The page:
Day: March 8, 2009

What we can learn from Reinhold Niebuhr

Andrew J. Bacevich, in his introduction to the republished edition of Reinhold Niebuhr’s The Irony of American History, calls it “the most important book ever written on US foreign policy.” Certainly it would be hard to think of another book from the 1950s that retains, nearly sixty years later, both its compulsive readability and so much of its relevance. The elegance, strength, and charm of Niebuhr’s writing invite quotation at every turn. And behind the prophetic style lie wisdom, Christian charity, and a profound understanding of both history and the ways of human beings, individually as well as in groups

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Tails I win, Heads you lose

One would ordinarily have thought our way of understanding other people’s mental states, say, whether someone did something intentionally or unintentionally, should be somehow independent of morality. What our research is showing is that instead our initial moral judgments are actually changing our very understanding of whether the person did it on purpose or not on purpose.

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Giving up technology for Lent

Christians are annually asked to refrain from eating meat on Fridays and to pray more regularly during Lent, but the church has apparently gotten hip to the hold that technology has on its brethren. The diocese of Modena-Nonantola in Italy in particular is calling for text-messaging-free Fridays as a way for the faithful to at least temporarily rid themselves of reminders of “material wealth,” but the church is also calling for such digital abstinence in the name of human rights.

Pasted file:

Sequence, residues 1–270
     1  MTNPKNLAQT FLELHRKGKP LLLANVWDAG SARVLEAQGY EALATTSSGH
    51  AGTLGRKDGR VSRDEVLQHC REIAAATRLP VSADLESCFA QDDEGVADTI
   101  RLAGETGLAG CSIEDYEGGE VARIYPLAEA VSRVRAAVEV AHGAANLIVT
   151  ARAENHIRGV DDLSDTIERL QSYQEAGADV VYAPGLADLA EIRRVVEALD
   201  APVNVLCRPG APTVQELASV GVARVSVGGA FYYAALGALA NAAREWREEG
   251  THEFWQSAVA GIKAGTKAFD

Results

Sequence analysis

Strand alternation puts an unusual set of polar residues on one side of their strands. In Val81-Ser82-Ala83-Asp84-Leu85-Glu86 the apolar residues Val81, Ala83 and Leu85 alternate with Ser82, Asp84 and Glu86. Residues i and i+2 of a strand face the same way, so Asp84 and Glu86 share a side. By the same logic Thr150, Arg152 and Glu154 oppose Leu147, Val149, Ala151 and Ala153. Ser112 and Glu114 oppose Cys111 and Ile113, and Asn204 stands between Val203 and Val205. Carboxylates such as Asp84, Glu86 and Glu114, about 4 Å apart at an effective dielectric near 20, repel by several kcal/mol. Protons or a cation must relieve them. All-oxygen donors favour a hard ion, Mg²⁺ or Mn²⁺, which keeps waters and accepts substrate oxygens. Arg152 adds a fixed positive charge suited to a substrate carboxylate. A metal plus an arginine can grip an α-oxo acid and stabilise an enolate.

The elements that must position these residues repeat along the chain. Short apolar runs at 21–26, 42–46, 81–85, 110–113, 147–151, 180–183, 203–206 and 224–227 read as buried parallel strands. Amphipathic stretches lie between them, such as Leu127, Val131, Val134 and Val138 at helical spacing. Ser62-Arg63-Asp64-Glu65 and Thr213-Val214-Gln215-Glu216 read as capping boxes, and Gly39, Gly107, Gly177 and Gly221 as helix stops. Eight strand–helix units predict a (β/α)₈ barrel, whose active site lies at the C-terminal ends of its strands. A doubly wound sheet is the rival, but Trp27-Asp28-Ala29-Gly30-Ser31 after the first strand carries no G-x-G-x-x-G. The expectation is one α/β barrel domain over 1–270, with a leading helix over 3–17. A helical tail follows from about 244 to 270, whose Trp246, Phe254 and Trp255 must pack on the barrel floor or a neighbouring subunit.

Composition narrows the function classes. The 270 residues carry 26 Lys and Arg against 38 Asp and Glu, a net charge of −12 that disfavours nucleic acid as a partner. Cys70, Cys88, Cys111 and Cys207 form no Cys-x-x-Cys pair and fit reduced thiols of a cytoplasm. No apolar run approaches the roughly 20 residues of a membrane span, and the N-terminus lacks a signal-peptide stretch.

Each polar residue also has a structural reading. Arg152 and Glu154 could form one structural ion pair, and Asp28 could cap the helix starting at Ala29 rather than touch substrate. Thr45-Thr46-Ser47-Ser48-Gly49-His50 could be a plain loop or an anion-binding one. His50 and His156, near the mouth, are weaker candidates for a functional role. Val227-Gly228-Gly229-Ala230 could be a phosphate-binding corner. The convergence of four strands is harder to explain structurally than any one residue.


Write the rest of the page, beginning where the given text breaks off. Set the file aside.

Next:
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Vatican backs Brazilian bishop

A senior Vatican cleric has defended the excommunication in Brazil of the mother and doctors of a young girl who had an abortion with their help. The nine-year-old had conceived twins after alleged abuse by her stepfather.

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Peter Singer on affluence and ethics

Suppose you see a small child drowning in a pond. If you save him you will ruin your expensive suit. Do you save him? Of course you do. Now think about the world’s extremely poor children who are going to die unless you give enough to a charity designed to help them, such as Unicef or Oxfam. Do you save them? Not often enough.

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Coming home to Lent

Now, a week later, after a wonderful whirlwind weekend of teaching, barely recovered from jet lag, I look back on that time on the patio as a quiet example of what the Transfiguration story gives us: a lamp shining in the darkness, the letter of Peter calls it; a moment on the summer patio, sipping tea, resting in the quiet of a Sabbath morning on the harbor, reflecting on what it means to be invited into the presence of the living Christ and seeing, just for a moment, that it’s all true.

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Leaving self behind

These are the words of Jesus taken from St Mark’s Gospel: ‘Anyone who wishes to be a follower of mine must leave self behind; he must take up his cross and come with me.’ Now we meditate to do just that: to obey that absolutely fundamental call Jesus makes, which is the basis of all our Christian faith, to leave self behind in order that we can indeed journey with Christ in His return to the Father.

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